In addition, registered manufacturers must label each gambling machine with the manufacturer’s name, date of manufacture, and serial number. 15 USC §1173(b). Each registered individual or entity must also keep detailed monthly records of each device manufactured or acquired, each device owned or possessed, and each device sold, delivered, or shipped in interstate commerce. These records must contain the manufacturer’s name, the serial number, the date of manufacture, the location of the device, and a description of the device. The names and addresses of the purchaser or seller must also be recorded. 15 USC §1173(c).

Notably, case law has clarified that even those dealing in gambling machines solely in jurisdictions that have passed legislation exempting the jurisdiction from the shipping prohibitions of the Johnson Act must still register with the Attorney General. See U.S. v. Various Gambling Devices, 340 F Supp 1200 (ND Miss, 1972). Furthermore, a person or entity that stores gambling devices but does not operate the devices must still register under the statute. See U.S. v. Various Gambling Devices, 368 F. Supp. 661 (ND Miss., 1973).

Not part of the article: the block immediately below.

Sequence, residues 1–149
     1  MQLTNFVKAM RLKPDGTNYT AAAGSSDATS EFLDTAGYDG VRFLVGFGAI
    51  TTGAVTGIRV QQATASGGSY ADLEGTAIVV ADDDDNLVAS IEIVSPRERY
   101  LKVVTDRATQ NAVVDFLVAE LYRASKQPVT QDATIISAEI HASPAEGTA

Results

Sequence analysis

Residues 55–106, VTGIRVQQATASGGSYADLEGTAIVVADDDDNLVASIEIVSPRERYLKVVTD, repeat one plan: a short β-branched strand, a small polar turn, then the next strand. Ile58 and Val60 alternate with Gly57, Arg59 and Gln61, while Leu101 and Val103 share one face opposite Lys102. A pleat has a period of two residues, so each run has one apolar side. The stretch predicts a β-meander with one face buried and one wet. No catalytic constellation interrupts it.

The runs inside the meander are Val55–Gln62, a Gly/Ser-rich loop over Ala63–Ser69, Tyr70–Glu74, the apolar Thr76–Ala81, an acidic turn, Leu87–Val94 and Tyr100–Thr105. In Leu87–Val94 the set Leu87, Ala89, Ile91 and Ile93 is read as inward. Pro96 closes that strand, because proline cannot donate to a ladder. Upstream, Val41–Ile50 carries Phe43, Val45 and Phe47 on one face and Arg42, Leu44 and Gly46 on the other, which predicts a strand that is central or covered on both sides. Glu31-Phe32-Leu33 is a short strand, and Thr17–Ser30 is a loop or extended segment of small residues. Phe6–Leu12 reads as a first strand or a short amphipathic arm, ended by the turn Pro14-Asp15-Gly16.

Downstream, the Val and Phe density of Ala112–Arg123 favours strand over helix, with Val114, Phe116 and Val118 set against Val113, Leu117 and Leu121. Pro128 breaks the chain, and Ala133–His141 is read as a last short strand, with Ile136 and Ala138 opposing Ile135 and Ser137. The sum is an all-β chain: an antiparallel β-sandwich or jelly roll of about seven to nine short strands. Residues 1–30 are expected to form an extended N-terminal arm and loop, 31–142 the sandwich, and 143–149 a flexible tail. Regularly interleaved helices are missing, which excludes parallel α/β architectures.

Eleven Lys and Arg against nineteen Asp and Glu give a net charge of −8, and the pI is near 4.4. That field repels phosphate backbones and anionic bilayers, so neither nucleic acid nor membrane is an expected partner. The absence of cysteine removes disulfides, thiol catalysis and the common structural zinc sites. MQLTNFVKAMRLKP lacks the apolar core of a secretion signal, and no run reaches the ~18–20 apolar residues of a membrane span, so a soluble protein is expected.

It is important to note that the registration and labeling provisions also apply to those dealing in international commerce, even though international transactions are not necessarily banned under the act. Therefore, a company that ships or otherwise transports gambling devices to another country must still register with the Attorney General and properly label the shipments under the Johnson Act. See U.S. v. 420 Gambling Devices, 191 F Supp 111 (ED NY, 1961).

More information, including registration forms, can be found at the U.S. Department of Justice’s website, at www.justice.gov/criminal/oeo/gambling/

Penalties for Noncompliance

Those individuals or entities that violate the Johnson Act, including the registration requirements, may be liable for fines or imprisonment. The act establishes that violators may be fined up to $5,000 and/or imprisoned for up to two years. 15 USC §1176. In addition, gambling devices that are not shipped in accordance with the law may be subject to confiscation or seizure by law enforcement agents. 15 USC §1177.